Authenticity triggers an emotional response. When we see someone being heartfelt and genuine, we automatically empathize with them. We’ve all had tough times, and we’ve all messed up. Seeing someone else going through it only increases our connection with them. That’s why authenticity matters on social media. It’s how your audience connects with you.
A2: Authenticity is important because I believe that's what's relatable. Nobody can relate to a highlight reel. We can't connect to perfection. If you want to create connections on social media, be authentic. #TwitterSmarter https://t.co/T52HdObJIK pic.twitter.com/jQt7ms30mH
— Julia Jornsay-Silverberg (@jbethjs) May 13, 2021
As Christine went on to explain, this initial connection we form develops into familiarity and trust. This Know-Like-Trust factor is the foundation of any relationship—including buyer and seller. After all, once you get to know someone, you no longer treat them just as a person you do business with. Instead, you’ll start treating them as a friend. People who buy from friends stick around for the long haul.
A2.
If someone feels authentic, we can begin to feel like we know, like, and trust them.
We feel like we’re building a relationship with them, not just conducting a transaction. #TwitterSmarter
— Christine Gritmon ❤️ #ChatAboutBrand (@cgritmon) May 13, 2021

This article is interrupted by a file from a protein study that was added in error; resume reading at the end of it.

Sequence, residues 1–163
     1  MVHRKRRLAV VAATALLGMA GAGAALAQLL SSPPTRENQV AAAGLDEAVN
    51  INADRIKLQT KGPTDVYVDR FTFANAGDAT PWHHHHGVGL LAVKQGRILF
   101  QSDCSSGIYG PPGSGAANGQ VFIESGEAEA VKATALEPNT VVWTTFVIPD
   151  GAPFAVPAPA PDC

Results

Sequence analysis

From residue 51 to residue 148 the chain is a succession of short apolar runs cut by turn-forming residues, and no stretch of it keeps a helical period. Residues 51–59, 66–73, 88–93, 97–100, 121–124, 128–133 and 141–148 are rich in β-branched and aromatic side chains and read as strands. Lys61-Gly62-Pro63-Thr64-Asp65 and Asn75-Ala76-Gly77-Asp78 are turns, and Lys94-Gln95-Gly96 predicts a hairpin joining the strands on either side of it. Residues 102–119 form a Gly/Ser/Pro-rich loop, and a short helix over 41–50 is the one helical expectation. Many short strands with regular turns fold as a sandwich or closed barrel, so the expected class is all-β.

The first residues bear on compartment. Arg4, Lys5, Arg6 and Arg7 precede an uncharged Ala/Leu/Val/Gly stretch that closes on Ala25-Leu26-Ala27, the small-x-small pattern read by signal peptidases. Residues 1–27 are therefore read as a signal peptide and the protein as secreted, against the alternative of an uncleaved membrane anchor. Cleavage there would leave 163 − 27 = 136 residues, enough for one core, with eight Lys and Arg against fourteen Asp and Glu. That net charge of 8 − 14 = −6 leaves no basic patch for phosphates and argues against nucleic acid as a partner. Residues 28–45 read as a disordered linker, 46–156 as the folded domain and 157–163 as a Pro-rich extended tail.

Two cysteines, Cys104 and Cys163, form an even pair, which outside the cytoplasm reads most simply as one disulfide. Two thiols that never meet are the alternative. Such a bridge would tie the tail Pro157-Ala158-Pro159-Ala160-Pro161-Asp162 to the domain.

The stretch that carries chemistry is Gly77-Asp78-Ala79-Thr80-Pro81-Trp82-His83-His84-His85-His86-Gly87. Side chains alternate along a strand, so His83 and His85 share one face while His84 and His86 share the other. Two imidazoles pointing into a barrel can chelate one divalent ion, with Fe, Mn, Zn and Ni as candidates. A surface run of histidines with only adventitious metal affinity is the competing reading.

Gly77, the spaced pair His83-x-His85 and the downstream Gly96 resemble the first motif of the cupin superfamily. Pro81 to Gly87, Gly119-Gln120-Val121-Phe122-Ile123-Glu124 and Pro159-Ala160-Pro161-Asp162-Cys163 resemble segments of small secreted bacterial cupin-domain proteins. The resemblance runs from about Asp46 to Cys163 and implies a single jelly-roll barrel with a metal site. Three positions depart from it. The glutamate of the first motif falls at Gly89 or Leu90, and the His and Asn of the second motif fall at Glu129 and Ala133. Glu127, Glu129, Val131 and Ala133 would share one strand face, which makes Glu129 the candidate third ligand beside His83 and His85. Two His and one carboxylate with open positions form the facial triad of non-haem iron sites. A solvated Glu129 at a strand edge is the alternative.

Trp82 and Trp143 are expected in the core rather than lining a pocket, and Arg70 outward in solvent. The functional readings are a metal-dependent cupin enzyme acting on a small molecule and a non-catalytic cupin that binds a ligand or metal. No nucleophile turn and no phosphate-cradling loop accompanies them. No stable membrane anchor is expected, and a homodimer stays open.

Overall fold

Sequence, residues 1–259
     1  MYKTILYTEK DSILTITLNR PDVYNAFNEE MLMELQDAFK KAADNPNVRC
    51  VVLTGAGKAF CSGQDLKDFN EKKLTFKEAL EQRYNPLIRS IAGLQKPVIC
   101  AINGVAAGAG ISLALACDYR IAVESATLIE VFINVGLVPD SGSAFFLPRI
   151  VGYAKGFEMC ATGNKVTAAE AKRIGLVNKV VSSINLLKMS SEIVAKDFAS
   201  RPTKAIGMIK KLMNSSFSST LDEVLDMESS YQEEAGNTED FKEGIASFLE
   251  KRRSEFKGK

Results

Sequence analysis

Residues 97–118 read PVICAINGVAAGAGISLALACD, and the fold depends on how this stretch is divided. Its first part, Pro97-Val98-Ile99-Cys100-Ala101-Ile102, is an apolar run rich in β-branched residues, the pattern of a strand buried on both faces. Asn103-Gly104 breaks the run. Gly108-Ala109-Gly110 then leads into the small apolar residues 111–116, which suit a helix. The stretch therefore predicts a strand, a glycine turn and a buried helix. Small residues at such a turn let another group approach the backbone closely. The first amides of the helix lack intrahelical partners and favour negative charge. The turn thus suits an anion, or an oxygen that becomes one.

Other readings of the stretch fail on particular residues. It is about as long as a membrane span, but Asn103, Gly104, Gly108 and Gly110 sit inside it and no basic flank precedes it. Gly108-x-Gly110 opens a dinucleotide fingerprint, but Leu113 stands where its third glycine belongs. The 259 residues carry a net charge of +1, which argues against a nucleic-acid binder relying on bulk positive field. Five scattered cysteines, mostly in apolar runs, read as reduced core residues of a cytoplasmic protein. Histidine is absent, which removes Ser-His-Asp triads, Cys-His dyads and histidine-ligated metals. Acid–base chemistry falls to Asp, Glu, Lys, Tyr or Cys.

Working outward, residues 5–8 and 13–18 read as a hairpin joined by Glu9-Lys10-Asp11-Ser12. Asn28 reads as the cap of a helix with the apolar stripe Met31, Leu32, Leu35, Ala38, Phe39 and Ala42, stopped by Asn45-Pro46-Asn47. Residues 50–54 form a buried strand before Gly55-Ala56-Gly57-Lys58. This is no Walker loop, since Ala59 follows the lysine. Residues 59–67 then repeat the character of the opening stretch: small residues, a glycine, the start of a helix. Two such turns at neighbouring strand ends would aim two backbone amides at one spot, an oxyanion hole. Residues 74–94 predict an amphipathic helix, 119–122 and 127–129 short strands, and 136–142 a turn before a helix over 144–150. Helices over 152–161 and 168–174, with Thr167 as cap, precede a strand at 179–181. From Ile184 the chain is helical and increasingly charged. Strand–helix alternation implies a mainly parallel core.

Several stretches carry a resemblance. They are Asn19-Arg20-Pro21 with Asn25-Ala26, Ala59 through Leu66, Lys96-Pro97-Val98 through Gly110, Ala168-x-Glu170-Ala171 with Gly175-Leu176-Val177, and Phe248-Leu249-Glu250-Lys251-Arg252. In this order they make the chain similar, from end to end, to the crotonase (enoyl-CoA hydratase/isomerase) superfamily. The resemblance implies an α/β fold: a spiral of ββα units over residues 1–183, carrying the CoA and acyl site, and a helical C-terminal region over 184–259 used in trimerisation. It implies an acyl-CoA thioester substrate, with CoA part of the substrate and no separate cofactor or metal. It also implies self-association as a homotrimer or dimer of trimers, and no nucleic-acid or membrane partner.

Q3: How can brands bring an authentic voice to social media?
Our guest shared a couple of suggestions including signing tweets off with your name, especially if your brand has more than one person managing social handles. This also helps your team members bring their own voice to a tweet instead of a cold brand that’s hard to connect with.
Another way to bring authenticity to your social media is to showcase the faces behind the handles. Promote your team members to your audience so the next time they see a signature they recognize, they know who they’re talking to. When you put faces to names, communication flows easily and more genuinely.
A3: Brands can empower their team to start speaking more like a human and less like a brand. Maybe even sign off on your engagement to show the human behind the interaction. Also, brands can showcase their team, just like we do @nowmg . #TwitterSmarter https://t.co/K4sJ0XftRJ